December 24, 2012
5.17 X 7.7 X 0.85 inches | 0.74 pounds
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About the Author
Plato (c. 427-347 BC) founded the Academy in Athens, the prototype of all Western universities, and wrote more than twenty philosophical dialogues.
Christopher Rowe is a professor of Greek at Durham University, England.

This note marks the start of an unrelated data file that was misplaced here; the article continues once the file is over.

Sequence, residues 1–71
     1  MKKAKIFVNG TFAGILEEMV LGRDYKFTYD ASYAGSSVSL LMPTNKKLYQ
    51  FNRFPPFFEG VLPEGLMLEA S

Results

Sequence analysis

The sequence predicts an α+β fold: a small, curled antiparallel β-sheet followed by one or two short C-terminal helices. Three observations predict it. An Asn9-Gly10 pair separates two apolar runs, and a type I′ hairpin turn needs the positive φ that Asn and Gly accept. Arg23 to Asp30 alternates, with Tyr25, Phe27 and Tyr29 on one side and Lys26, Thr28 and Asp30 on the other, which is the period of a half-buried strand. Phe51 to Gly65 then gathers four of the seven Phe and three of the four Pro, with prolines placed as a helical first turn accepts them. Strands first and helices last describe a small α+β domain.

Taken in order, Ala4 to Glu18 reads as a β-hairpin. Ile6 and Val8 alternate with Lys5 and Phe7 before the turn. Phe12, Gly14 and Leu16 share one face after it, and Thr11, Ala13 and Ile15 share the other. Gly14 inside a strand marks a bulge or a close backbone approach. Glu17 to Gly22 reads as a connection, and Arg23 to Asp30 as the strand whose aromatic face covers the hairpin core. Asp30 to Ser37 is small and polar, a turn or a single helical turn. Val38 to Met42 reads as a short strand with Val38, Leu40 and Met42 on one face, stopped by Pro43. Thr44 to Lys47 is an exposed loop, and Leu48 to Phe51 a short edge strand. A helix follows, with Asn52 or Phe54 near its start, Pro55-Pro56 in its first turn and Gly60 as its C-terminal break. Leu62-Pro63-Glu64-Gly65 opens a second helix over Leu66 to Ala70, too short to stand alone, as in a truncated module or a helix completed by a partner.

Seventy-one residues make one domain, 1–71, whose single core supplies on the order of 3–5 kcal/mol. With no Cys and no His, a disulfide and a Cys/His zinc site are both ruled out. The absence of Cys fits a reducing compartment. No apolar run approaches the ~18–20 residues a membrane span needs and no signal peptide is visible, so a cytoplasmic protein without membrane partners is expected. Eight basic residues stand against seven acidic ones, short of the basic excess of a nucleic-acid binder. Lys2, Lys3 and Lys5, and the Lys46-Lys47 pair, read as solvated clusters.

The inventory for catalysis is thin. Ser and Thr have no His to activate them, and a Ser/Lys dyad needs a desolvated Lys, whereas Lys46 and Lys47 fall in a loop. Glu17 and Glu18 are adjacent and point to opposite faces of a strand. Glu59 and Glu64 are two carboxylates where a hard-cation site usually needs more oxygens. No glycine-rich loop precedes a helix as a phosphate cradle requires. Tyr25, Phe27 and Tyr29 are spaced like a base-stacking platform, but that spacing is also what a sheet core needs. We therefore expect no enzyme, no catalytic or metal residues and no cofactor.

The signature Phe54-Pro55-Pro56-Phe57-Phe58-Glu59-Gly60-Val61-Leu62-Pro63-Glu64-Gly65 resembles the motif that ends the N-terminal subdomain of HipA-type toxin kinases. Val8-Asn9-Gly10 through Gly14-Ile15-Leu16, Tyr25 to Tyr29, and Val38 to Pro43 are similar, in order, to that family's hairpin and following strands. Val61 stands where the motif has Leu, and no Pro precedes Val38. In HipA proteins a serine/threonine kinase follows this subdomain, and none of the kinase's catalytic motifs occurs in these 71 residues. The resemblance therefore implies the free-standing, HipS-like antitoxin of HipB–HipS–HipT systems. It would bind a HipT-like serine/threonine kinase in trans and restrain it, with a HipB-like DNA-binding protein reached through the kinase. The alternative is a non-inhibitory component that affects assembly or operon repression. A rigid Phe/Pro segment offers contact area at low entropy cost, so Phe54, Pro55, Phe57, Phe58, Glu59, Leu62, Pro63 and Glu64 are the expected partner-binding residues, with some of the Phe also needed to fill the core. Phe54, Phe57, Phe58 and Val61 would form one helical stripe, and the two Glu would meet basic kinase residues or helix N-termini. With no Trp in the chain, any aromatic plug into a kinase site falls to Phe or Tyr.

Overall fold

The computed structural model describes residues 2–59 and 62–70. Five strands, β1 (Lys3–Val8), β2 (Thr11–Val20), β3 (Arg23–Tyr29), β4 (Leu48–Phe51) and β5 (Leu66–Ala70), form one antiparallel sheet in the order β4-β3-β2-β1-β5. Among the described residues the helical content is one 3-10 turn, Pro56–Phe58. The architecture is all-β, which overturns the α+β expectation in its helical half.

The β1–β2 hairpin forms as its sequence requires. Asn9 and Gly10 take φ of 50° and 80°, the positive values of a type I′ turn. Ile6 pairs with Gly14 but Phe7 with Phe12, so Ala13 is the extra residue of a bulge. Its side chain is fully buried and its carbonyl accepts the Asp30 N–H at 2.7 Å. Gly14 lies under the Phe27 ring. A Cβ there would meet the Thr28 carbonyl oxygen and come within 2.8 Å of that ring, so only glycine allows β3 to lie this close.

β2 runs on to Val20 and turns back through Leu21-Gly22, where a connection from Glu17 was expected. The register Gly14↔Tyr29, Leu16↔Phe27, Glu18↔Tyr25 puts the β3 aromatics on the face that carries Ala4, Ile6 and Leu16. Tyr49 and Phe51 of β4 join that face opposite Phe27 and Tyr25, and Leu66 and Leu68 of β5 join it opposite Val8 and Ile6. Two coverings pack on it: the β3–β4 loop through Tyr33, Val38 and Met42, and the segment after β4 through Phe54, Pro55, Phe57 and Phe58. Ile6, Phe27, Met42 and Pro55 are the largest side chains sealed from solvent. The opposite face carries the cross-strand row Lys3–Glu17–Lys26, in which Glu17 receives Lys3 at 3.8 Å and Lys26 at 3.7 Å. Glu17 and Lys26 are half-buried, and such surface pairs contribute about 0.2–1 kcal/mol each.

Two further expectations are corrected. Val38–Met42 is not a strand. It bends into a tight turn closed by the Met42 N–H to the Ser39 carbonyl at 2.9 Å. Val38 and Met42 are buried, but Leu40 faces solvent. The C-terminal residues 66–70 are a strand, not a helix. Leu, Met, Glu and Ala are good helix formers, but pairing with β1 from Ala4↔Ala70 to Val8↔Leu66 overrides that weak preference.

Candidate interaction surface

"Must we not acknowledge...that in each of us there are the same principles and habits which there are in the State; and that from the individual they pass into the State?" What does it mean to be good? What enables us to distinguish right from wrong? And how should human virtues be translated into a just society? These are the questions that Plato sought to answer in this monumental work of moral and political philosophy, a book surpassed only by the Bible in its formative influence on two thousand years of Western thought. In the course of its tautly reasoned Socratic dialogues, The Republic accomplishes nothing less than an anatomy of the soul and an exhaustive description of a State that both mirrors and enforces the soul's ideal harmony. The resulting text is at once mystical and elegantly logical and may be read as a template for the societies in which most of us live today. Vintage Classics are quality paperback editions of the world's greatest written works. They are durably bound and are printed exclusively on acid-free paper.